One policy Princess Jellyfish makes clear from the start it not to vilify or ridicule the otaku, even if much of the humour comes from their social awkwardness – such as whenever the Amars meet trendily dressed people (whom they call “The Stylish”) they literally turn to stone. If anything this series embraces the otaku – check out the wonderful pop culture spoofing opening for further evidence – with the Amars coming out on top because of their obsessions and not in spite of them, with a little help from Kuranosuke of course.
He puts Tsukimi’s love for jellyfish and Chieko’s kimono making skills to good use when they decide to try and raise the funds to buy Amamizukan. And of course the girls scrub up a treat once Kuranosuke – whose real gender is only known to Tsukimi – has given them a make over, especially Tsukimi, who to be fair is actually exceptionally cute even in her “regular” look of glasses, tracksuit and pigtails.
Even with a story to focus on, the show revels in possessing a subversive touch, effortlessly allowing surreal asides to appear without disruption, such as Clara the Jellyfish’s handy explanations or her regular “Things which will frighten an Amar” countdown. Quite annoyingly however it how the translators didn’t see fit to subtitle some of the signs which Clara holds up or appear in other gag scenes, rendering the jokes and references utterly lost on the non-Japanese reading viewer. For shame, Funi, for shame. While this version of Clara is a cartoon figure, the other jellyfish featured are more faithful and beautifully rendered versions, allowing some of the love Tsukimi has for them to be shared the audience.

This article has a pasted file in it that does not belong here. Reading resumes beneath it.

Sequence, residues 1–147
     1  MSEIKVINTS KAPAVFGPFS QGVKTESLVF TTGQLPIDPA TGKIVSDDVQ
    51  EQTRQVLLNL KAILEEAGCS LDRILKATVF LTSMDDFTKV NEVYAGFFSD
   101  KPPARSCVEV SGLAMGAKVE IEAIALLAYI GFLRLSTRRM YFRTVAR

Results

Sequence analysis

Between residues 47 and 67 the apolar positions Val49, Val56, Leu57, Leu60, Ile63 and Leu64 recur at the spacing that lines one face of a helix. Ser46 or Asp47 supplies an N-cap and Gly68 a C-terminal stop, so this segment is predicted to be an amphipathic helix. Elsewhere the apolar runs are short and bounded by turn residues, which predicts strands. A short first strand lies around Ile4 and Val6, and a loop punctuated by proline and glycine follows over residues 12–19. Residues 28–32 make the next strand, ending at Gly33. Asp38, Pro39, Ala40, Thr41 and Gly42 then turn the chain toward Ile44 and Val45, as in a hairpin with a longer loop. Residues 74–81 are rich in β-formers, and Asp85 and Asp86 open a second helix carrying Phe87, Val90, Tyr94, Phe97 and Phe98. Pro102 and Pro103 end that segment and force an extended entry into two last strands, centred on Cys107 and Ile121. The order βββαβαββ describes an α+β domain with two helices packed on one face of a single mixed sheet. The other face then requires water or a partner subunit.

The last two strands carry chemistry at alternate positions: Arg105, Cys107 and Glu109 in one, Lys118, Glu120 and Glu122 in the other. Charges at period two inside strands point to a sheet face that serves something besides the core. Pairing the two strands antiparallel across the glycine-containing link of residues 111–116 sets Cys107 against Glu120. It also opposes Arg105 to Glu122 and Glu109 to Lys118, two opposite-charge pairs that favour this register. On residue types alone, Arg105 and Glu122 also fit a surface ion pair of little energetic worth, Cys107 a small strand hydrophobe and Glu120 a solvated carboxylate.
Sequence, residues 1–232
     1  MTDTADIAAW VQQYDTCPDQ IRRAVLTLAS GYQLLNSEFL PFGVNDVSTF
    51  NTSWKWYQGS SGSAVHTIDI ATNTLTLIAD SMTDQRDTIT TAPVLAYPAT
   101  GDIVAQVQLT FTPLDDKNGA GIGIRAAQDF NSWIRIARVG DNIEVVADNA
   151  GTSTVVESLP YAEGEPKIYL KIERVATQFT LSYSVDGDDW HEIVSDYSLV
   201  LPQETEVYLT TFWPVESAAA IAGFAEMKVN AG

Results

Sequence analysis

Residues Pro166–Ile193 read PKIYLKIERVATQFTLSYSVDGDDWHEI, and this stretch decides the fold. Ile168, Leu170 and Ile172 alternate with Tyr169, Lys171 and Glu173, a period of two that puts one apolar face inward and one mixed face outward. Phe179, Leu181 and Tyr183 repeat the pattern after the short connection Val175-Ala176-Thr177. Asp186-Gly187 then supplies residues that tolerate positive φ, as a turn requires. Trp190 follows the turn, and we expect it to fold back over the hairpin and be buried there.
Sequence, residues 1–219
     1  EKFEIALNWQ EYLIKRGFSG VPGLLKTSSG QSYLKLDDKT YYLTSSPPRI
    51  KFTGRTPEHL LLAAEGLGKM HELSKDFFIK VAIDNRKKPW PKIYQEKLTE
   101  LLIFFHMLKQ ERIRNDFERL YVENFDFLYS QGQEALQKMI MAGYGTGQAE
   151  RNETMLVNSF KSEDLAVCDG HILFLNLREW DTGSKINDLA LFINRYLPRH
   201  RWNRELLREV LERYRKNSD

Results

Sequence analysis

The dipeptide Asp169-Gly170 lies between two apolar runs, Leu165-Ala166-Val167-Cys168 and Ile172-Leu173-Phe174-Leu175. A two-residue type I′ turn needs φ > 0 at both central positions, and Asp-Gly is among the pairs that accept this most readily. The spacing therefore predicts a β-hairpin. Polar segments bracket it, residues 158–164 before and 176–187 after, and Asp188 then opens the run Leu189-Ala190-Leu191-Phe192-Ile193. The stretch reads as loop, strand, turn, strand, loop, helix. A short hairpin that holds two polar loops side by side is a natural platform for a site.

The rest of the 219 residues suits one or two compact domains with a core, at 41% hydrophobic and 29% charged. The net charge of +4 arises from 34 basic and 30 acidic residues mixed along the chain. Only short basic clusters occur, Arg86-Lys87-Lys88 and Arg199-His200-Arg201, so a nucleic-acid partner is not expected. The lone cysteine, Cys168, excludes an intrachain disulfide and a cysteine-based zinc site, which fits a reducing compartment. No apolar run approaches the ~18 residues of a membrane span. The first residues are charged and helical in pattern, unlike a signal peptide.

If there is a complaint to be held against this show it is that it is too short! At just eleven episodes the viewer is almost guaranteed to be left wanting more, which isn’t helped by the huge rush to conclude everything in the final episode, cutting some thread short while leaving others wide open. Not that the results are all bad, some contain sweet little twists but one can’t help but feel that two more episodes would have been far more successful in wrapping the series up in the same pace and vein and is the preceding ten episodes.
Princess Jellyfish is that rare anime which is refreshingly different from everything else on the market, yet not so different that it will alienate anyone. The humour is subtle yet hilarious, the charters are vivid yet rarely predictable tropes, the story twists are well woven into the plot rather than thrown in for desperation sake. It oozes charm and visual grace from every frame and even with a prevalent sentimental thread running through the narrative, it refuses to be schmaltzy and saccharine.
This is genuinely one of the most enjoyable anime experiences you will have this year and if you get the special collectors edition, you will get a free Clara plushie too!
Go on – release your inner Amar! You know you want to!
English, French Language
Japanese Language with English and French Subtitles
Disc 3 only:
Princess Jellyfish Heroes
Ratings – *****
Man In Black